Using Mediation to Settle Differences in a Divorce
Your marriage may be over, but you may not want to get into a long and protracted battle over custody, visitation, support and property distribution. Mediation may be the best approach for you.
In mediation, instead of engaging in an adversarial process, you and your ex-spouse work with a neutral third party known as a mediator. The mediator acts as a facilitator, helping both of you identify mutually beneficial ways to resolve your disputes. The mediator has no vested interest in a particular outcome, but is simply charged with helping you and your ex come to agreement on issues related to custody and visitation, support and property allocation.
Mediation offers a number of advantages over the traditional divorce process:
- Because the mediator does not listen to legal arguments or make legal decisions, there is no need for lengthy and expensive discovery proceedings, such as depositions or the production of documents. There are also no motion hearings, debates over the admissibility of evidence or other costly procedures. Accordingly, mediation is typically far less expensive than litigation.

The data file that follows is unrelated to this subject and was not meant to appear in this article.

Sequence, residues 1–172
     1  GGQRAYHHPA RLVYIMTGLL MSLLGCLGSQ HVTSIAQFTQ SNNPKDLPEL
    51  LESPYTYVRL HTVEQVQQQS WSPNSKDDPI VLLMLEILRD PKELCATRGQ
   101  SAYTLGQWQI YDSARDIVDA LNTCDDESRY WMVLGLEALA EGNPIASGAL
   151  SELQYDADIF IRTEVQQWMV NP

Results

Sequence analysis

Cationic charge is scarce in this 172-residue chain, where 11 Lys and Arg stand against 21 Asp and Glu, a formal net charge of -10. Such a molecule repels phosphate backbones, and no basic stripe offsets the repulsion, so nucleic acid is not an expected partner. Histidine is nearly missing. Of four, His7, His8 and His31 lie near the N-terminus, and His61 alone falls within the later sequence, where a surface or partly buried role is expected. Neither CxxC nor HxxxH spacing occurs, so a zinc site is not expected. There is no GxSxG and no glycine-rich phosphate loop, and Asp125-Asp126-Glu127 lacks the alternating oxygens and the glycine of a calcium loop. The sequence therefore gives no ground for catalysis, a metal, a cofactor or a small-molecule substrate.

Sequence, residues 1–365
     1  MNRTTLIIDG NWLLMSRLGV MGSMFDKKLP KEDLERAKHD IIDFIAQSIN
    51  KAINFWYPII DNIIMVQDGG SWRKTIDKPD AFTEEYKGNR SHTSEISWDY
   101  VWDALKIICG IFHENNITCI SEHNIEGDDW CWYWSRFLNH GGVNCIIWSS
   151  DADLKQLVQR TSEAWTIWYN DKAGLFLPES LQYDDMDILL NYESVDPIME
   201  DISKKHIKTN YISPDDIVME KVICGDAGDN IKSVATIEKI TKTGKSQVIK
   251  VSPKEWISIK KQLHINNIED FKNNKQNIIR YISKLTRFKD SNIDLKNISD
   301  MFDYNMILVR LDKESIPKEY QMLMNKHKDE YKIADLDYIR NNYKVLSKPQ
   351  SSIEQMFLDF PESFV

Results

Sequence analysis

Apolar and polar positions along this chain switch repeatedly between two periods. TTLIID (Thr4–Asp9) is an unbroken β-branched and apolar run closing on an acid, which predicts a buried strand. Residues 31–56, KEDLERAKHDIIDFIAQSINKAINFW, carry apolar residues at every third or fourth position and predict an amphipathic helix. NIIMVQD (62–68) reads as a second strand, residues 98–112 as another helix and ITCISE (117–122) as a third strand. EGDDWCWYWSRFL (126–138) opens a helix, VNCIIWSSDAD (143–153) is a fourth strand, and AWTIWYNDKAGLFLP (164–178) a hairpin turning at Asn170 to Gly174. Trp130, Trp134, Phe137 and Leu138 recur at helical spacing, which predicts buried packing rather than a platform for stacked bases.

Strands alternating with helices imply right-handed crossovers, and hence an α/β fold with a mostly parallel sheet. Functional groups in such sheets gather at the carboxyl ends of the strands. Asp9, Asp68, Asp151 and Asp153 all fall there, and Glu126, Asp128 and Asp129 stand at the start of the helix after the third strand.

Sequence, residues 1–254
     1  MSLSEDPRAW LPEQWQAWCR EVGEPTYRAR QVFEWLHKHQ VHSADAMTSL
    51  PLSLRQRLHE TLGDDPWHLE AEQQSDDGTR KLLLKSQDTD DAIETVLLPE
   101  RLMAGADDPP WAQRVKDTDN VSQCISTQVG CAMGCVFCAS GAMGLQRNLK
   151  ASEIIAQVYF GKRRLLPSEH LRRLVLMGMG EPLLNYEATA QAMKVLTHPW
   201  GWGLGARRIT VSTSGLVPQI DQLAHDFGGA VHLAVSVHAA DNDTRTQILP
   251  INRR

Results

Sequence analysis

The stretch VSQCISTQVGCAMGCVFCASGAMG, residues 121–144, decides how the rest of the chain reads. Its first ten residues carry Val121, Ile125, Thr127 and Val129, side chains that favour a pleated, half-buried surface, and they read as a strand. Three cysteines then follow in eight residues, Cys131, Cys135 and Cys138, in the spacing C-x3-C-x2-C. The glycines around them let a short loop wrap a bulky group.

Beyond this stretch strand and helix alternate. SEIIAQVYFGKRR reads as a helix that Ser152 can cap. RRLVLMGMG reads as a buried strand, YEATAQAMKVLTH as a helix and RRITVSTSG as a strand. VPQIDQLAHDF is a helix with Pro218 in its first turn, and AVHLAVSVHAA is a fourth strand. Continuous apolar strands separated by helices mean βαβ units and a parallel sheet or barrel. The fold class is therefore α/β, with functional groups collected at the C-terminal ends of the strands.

- Mediation usually takes far less time. With most mediators, you can typically schedule the mediation within a couple months, often within 30 days. The process itself can usually be completed in a day or less, unless you have really complex issues.
- With mediation, you get a say in the outcome. You can propose ways to resolve your differences and you can always reject a settlement offer from your ex. You don’t have to wait for a third party (judge or jury) to make a decision, with a 50/50 chance of winning or losing.
In mediation, any solution you come to will be one that you and your ex have crafted. The mediator does not make determinations of who is right and who is wrong, and won’t issue any rulings. The mediator may express concerns that one party has undue influence over the other, but won’t consider testimony from third parties and won’t be concerned about evidence or legal arguments, unless they can be used to move you toward settling your differences.
Contact Attorney Joanne E. Kleiner
Let us help you find a workable solution to a marital property dispute. Contact our office online or call us at 215-886-1266 to schedule a confidential consultation. We will help you stay focused on the issues that matter.